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George Sarah - Ossia Print E-mail
Tuesday, 08 April 2003
Transistor Recordings/Nail Distribution, 2003
| Performance 8.5 | Sound 7 |

ImageWhile George Sarah’s new album Ossia can certainly be enjoyed on its own merits – or while reading, conversing, swimming or seducing (to name a few activities that suggest themselves as the music flows) – it proves ideal accompaniment for writing narrative material, whether prose or script.

This may be because the 14 haunting instrumental pieces on Ossia were all originally used as the score for the Discovery Channel’s “Plastic Surgery Before and After” documentary. It is soundtrack music that evoke particular emotions, conjuring all sorts of specific mental images – in this reviewer’s case, lots swimming deep sea creatures and astral phenomena, with lovers on a bridge and a ‘50s diner thrown in – without ever forcing the issue. In some ways, “Ossia” feels like the aural equivalent of seeing an uncaptioned still photo and finding yourself moved to make up a story to suit the visual composition.

Sarah performs all the tracks here, which are primarily played on a synthesizer, though real guitars and what sounds like other stringed instruments appear from time to time.

The album opens with the title track, which has a beautiful resonance that is reminiscent of Clannad’s charming, quizzical score for “The Angel and the Soldier Boy,” with a liquid quality that is enhanced rather than interrupted by percussive brushes and a shimmering effect that sounds like something that might accompany a celestial cinematic transformation.

On Track Two’s “Silhouette,” single piano notes give off a comforting vibe in front of a wall of synthesizer purring, with a deliberate, percussive refrain that consists of two hard beats, followed by two brushes, starting out on a contemplative frame that becomes friskier and brighter as it grows.

“The T.V. Is In My Eye,” Track Three, starts out with an agitated back-and-forth jump between two minor chords that are joined by a rap-scratch effect and quick percussion for a flavor that sounds very hip and a bit furtive, like something that might underscore the efforts of the heroine on “Alias,” before finally giving vent to a burst of kinetic, shimmering melody.

Track Four’s “Aida” is, title notwithstanding, not in the least operatic. A rolling percussion mimics rainfall, backing a gentle, regretful tune that has violin-like strains so expressive that we can easily envision lyrics to go with the cadence. This track sounds very much of a piece with Sarah’s work on last year’s album “Music For Elevators,” on which he collaborated with Anthony Stewart Head.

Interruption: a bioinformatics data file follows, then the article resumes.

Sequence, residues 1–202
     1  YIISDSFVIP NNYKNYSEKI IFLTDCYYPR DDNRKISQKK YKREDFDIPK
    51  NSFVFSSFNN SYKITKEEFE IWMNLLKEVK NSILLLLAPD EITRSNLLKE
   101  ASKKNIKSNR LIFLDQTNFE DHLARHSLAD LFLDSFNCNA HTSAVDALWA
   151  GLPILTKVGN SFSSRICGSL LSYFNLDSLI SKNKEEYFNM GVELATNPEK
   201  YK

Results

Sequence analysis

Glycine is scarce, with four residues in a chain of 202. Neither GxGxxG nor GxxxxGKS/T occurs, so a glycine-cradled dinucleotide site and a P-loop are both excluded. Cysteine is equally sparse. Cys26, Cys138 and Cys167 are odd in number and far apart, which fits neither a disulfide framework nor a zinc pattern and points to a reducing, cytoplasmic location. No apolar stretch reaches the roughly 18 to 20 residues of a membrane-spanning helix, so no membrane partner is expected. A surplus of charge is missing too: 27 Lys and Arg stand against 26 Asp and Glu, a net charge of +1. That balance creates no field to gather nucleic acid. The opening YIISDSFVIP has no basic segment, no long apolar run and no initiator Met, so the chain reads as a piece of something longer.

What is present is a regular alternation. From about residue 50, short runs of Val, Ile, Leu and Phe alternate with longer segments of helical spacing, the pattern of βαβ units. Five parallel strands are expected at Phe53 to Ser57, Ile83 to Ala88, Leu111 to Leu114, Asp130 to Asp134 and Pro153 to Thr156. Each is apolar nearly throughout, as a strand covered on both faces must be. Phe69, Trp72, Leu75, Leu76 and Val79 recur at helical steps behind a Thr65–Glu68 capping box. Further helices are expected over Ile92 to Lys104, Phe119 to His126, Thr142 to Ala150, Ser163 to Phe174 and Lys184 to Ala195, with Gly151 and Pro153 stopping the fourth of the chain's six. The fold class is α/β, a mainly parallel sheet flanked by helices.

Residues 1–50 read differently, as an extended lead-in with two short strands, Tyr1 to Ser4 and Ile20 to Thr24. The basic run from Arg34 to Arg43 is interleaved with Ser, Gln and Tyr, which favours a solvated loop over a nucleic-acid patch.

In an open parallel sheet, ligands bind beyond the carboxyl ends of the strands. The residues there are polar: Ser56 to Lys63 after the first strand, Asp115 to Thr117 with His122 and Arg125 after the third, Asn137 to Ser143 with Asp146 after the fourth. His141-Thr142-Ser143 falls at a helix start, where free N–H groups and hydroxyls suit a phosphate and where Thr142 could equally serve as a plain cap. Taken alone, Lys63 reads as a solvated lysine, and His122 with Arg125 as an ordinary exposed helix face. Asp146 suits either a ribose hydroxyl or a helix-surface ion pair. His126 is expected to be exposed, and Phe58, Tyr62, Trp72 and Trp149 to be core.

“Where Is Huggy Bear?” begins with a bit of enchantment, as high chiming single notes are joined by clicking, squeaking and blipping electronica that sound like communications from a happy robot, laying down a rush of hummingbird-quick rhythm as sustained chords hover above.

Track Six, entitled (no kidding) “Source Cue 3,” begins with something that sounds not unlike a playfully eerie scales exercise before quivering strings and synthesized percussion, including an element that sounds like a rhythmic ripping sound, come in for an urgent, suspenseful track that broadly references Bernard Hermann’s work for Alfred Hitchcock.

“Grey World Under Electric Light” on Track Seven puts an idiosyncratic mechanical whoosh beside hopeful plucked guitar notes and a happy synthesizer keyboard riff for an effect that is mostly delightful and ever so slightly alarming.

On Track Eight, “1920,” an African percussive rhythm briskly contrasts with sustained synthesizer notes and smooth violins in a harmonious blend that simultaneously inspires twinned optimism and mournfulness.

Track Nine’s “Ballet and Surgery” adds little hissing valve effects to gliding, delicate synthesizer work, adding up to a feel that is paradoxically mechanical and organic.

Track 10, “Noh Dancers,” begins with almost folk-style guitar picking before otherworldly yet warm synth joins in for a quietly rapturous effect.

Track 11, “Horses,” has a texture (though not a melody line) that somewhat recalls Gordon Lightfoot’s “Your Love’s Return,” of all things, in the way it again combines acoustic guitar and synthesizer.

Track 12’s “Minor Key Interjection” has a metallic maracas effect, deliberate hiss, individual synthesizer notes and a “bridge” of intentional distortion before the music resumes in more anxious manner, with a sound like sand running over a hard surface, adding up to an especially distinctive, unusual cut.

Track 13, “Source Cue 2,” sounds both hip and retro, with a slyly grunting “heh heh” rubber band pop twanging along with the more melodic synthesizer effects.

“Drowning Room” concludes the album with warm synth and strings surging forward with urgent percussion in a lively cascade of individual notes over chords, some soothing and some distressed, fading away to leave the stark percussion, which ends abruptly.

Because Sarah in concert, with his plethora of electronic equipment, sounds as though he’s in a studio even when he’s on stage, it’s just about impossible to say how “live” this recording feels. The stereo mix is completely enveloping, though it’s hard to determine in certain places whether certain effects are due to deliberate synthesizer instrumentation or added space in the recording. Either way, “Ossia” is a captivating work that powerfully stimulates both the emotions and the imagination.

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